/Patrick
 

vanhees71

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Of course, the Stern-Gerlach experiment is the paradigmatic example for the statement that finally all measurements can be traced back to position measurements since it measures/determines the spin component by using a magnet to entangle (almost perfectly) position and spin component.

I'd not be so bold to claim this assumption about measurement are effectively always position measurments, but it's not so easy to find a counter example...
 
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I'd not be so bold to claim this assumption about measurement are effectively always position measurments, but it's not so easy to find a counter example...
it is a fundamental question which, it seems to me, shows that the human subject cannot be removed as easily as one might think.

/Patrick
 

vanhees71

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What have position measurements or other measurements to do with the human subject? Of course at the very end the aim of a measurement is that a human being takes notice of the outcome, but the measurement itself is pretty much automized nowadays, and many experimentalists look at the outcome by evaluating data on some computer storage.
 
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Position derives from the senses by which human beings perceive "nature". We can imagine abstract observables like the spin, but at the very end, what we observe derives from our human being senses.

Another example is cloud chamber to observe particle.

That's how I understand the concept of "perceptible" defined in the article of Demystifier.

It does not mean that "nature" is only reduced to our senses.

/Patrick
 

Demystifier

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Interestingly enough recently there was some finding hinting at the possibility that the human eye + brain is sensitive enough to "register" single photons.
Yes, but a human perceives it as a flash which she cannot distinguish from a flash created by many photons. This means that the perceptible in this case is the flash and not the photon.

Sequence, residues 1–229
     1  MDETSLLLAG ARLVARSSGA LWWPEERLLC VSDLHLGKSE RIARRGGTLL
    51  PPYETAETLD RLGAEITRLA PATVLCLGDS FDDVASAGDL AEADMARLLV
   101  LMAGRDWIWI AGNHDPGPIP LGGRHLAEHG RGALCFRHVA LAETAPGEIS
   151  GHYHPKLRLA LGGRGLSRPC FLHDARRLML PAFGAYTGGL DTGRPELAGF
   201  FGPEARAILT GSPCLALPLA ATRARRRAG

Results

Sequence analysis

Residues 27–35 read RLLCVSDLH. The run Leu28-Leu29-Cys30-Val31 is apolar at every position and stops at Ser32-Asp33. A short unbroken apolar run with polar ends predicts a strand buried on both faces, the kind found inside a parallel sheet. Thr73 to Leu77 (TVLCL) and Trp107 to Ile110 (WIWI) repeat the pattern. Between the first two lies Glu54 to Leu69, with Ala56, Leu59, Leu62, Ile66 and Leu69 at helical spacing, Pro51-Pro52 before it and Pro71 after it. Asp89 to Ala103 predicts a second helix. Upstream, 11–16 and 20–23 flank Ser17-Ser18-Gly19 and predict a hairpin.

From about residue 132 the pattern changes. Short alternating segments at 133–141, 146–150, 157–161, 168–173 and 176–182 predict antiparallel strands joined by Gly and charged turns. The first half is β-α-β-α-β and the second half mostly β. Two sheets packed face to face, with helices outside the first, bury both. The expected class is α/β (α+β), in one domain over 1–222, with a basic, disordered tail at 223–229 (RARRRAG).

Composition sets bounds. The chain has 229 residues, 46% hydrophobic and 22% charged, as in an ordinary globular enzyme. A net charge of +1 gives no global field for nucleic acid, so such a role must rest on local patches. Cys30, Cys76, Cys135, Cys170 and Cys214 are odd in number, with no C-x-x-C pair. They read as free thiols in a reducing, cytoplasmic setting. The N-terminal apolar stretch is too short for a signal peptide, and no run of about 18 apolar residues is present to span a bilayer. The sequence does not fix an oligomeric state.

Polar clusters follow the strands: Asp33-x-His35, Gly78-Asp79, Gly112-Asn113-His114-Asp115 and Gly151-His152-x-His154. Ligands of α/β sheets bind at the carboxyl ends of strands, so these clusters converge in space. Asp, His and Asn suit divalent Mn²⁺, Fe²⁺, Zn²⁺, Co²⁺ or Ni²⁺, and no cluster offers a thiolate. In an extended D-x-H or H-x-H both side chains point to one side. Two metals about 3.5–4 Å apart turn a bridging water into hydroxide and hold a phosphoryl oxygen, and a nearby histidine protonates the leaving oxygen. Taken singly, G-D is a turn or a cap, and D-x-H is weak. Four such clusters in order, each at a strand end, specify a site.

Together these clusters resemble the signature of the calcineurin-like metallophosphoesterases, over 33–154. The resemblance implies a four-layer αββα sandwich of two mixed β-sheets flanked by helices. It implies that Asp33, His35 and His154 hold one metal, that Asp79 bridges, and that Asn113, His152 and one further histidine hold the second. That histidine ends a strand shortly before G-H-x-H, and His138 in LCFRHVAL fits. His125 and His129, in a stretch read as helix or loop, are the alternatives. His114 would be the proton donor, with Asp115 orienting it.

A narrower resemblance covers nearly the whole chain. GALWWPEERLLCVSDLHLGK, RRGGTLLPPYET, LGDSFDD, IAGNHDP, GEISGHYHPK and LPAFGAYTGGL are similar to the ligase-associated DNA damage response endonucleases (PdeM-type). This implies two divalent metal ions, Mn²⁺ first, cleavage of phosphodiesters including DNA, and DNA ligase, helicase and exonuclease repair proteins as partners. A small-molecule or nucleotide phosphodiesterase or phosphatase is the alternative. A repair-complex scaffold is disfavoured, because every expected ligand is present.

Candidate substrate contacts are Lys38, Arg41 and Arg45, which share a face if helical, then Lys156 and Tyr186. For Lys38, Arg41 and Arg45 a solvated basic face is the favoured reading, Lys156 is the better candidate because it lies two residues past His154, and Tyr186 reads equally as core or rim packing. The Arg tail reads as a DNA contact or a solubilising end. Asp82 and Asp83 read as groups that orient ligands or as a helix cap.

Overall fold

Demystifier

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Thus this interaction will be reduced to same macroscopic position because it concerns the same receptor’ ?
Yes.

Even if the choice of a base is arbitrary, can we express all quantum mechanics in the base {|r>} ?
In nonrelativistic QM, yes (plus a basis for spin degrees of freedom, of course).
 

Demystifier

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What have position measurements or other measurements to do with the human subject? ... and many experimentalists look at the outcome by evaluating data on some computer storage.
Experimentalists look at the screen, where they see some lines (that make digital letters and numbers) with well defined positions.
 

Demystifier

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I'd not be so bold to claim this assumption about measurement are effectively always position measurments, but it's not so easy to find a counter example...
Let me also add that if one could find a counterexample, one could easily disprove Bohmian mechanics. Many people tried to disprove Bohmian mechanics by other arguments, but not by a counterexample to the rule that all measurements can be reduced to position measurements.
 
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many experimentalists look at the outcome by evaluating data on some computer storage.
in the same way, we can notice that many outcomes are numbers, real numbers. Are numbers a physical property of "nature" that we can observe/read or rather an abstract conception imagined by us, human being?

/Patrick
 

Demystifier

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in the same way, we can notice that many outcomes are numbers, real numbers. Are numbers a physical property of "nature" that we can observe/read or rather an abstract conception imagined by us, human being?
Numbers, especially real (noninteger) numbers, are a human construct. The outcomes are not numbers by themselves, unless we interpret them so. A needle pointing to the letter "2" is not the same thing as the number two.
 
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Numbers, especially real (noninteger) numbers, are a human construct. The outcomes are not numbers by themselves, unless we interpret them so. A needle pointing to the letter "2" is not the same thing as the number two.
Yes, what I wanted to raise awareness about is that what is stored in a computer is not what is physically measured. We need an interpretation/model that can be formalized by computer.

/Patrick